MAPUSA: The much-hyped Viscount garden in Pernem market that was constructed at a cost of around Rs 50 lakh is now lying neglected and poorly maintained. The accumulated water in the springs has now become a breeding site for mosquitoes.
State of Pernem Garden within one year
The Pernem garden, the foundation for which was laid by Urban Development Minister, Mr Joaquim Alemao in January 2006, was promised to be constructed by Mr Alemao through the Goa State Urban Development Agency within four months. However the work took nearly four years.
The garden though incomplete with regards to electrical works was inaugurated at Dussehra time last year. Some of the electrical works that had to be concealed under the ground were kept temporarily open and above the ground.
Within a few days after inaugurating the garden and due to heavy current passing through the wires two children who were playing got a shock. The local councillor, Dr Sainath Chanekar was informed who in turn ordered the chief officer at that time Mr K D Halarnkar to disconnect the power supply.
It is since then the garden is in darkness, the wiring is not yet repaired, the nozzles of the water fountains are all rusty as they have been non-functioning for the last one year and there are worms and mosquitoes breeding in the stagnant water.
Pumps fitted for the fountains are also spoilt. Chairperson, Mr Nilesh Pednecar when contacted said that a new tender of around Rs 3 lakh has been floated for doing up the remaining work but doubted whether even after doing this work, things would improve in the garden.
"I am pursuing the matter with the contractor who is supposed to take up the work, somehow all this time the architect, the consultant and the contractor were playing the blame game but I convinced the contractor to take up the work which is not a very big deal and finish up soon as the garden is lying in bad condition for the past one year.
The contractor has assured me to get the work done by Dussehra this year," informed Mr Pednecar.
He said that ever since he took charge two months back he has been pursuing the matter and wanted to see the garden in all its glory at least for the Chaturthi season but that unfortunately did not happen, however he said that he would try and see that it is improved definitely at Dussehra.


Dalia said...

When COWMUTh was the Power minister, he was busy erecting ornamental lamp posts all over Goa. The motive was well known by everyone as how much these lamp posts costs. It is a pity that these lamp posts are in a shaddy condition today. In the same manner, the Gua government is good in building projects but not maintaining the further. They need to go to Western countries and see how infrastructure is maintained and protected unlike Goa. Now elections are near, we will see lot of foundation stones laid and ribbons cut.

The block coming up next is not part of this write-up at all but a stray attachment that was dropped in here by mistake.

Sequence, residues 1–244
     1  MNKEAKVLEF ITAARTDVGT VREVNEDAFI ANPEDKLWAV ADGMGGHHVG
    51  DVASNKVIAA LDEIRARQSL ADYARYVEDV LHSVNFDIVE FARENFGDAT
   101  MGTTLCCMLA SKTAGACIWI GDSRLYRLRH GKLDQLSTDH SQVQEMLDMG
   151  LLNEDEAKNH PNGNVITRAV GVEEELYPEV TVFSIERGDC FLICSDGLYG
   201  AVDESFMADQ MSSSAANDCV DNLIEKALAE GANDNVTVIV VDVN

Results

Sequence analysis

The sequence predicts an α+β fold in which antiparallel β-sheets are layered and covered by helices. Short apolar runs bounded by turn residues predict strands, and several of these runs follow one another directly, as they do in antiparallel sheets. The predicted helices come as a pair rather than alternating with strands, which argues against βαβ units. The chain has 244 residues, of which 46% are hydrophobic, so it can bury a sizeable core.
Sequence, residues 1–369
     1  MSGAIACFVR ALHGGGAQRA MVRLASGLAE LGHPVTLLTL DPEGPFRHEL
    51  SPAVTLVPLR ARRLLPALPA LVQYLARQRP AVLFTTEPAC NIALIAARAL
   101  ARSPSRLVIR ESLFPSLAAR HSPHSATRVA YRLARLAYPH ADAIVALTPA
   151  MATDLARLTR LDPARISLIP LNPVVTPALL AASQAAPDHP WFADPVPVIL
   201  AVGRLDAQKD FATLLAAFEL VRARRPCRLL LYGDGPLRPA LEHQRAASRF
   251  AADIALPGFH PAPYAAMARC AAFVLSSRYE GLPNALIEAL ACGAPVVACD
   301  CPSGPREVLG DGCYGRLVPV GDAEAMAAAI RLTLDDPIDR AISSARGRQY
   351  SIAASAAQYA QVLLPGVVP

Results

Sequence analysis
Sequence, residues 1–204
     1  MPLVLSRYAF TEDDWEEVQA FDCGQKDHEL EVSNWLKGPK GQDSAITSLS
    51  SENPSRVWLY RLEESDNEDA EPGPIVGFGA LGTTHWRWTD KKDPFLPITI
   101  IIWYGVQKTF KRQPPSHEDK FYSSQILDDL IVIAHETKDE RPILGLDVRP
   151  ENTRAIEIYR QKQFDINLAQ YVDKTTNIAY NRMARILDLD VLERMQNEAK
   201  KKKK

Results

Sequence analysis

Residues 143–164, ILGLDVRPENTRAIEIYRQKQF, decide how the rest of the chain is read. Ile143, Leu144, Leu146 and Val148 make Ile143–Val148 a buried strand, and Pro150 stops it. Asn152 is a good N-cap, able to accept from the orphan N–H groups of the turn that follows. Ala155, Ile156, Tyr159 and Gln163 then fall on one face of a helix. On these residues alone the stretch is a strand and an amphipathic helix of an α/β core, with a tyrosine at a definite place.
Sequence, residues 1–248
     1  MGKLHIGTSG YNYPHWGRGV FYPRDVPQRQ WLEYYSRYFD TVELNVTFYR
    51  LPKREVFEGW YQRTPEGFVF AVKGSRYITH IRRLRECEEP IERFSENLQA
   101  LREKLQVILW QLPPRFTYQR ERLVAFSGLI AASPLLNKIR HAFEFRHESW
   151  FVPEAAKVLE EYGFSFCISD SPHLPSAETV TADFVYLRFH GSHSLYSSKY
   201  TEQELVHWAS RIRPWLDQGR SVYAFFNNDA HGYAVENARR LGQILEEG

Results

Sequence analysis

N.Fernandes (London) said...

Goas Clowns_PART 2......What about Govt responsibility?’
• Claude Alvares, director of the Goa Foundation, an environment-monitoring group: ‘‘If it is not moved soon then pieces of metal will get into the sand and it will take 50-60 years to clear it up.’’ • Sucheta Potnis, columnist: ‘‘The Centre needs to do something. They have been selling Goa as a premier beach destination, where is there responsibility? What about the environmentalists? Where is their PIL?’’ • Helmut Meckelberg, area director, Taj Goa: ‘‘There is tacit approval of a lot of agencies and collusion.’’ • Commander K.B.L. Bhatnagar, Coast Guard: ‘‘It does not fall within our purview to advise the govt.’’ • Chandran Mahadevan, head of Singapore’s Smit Salvage’s Commercial operations: "Three years after the wreck it’s too late to refloat the ship and the only alternative remains to cut it up.” • Sunil Nair, partner of Soham International, a shipbroker: "It should be broken up and as soon as possible.”
He announced on Wednesday in the Assembly that tenders would be floated in two-three days.
• Three years ago, Manohar Parrikar, an IIT product and said to be the most effective chief minister of Goa, made his tallest promise of moving it. Today, before rushing in for his Assembly session across the Mandovi river, he laughs at the idea that the ship is affecting tourism: ‘‘Not at all. I need more time to find the right agency...I am a metallurgist, I know. The sea has enough iron ore. It’s an eyesore and I even have a person offering to paint it. The shoreline is fine, it can wait beyond the monsoon.”
Is the government cowed by Salgaoncar? He shakes his head: ‘‘I keep meeting him."
• Anil Salgaoncar (62) is at the helm of an empire of real estate, shipping and mining. ‘‘The ship is very big. Under the garb of pollution, people are out to grab an opportunity to make money.’’ The only solution to River Princess, according to Salgaoncar, is to cut it up into big pieces, put it in a barge, build a pontoon to the shore and then take it away.
He is upset he’s reportedly stopped giving his annual donation to the Sangh Parivar. ‘‘I will sue them for damages.’’ Why did he not just move it in 2000? ‘‘First the bad weather, then the court battles. It became the imagination of the Goa government to be refloated and be towed away—an impossible task.”
What about the pollution? ‘‘Nothing. Steel cuttings sink into the sea. I need six months to cut it up.’’
Tourism? ‘‘It has become a tourist place. Everyone who comes to Goa, must see it.’’
‘We talk about it in England,’’ says Peter Hunter, a cabbie on an annual break. ‘‘I hope to see it next year.’’
And he will. At the time of going to press, the tender the tourism minister promised to float by Saturday had still not been floated. In Goa, the Carnival has begun

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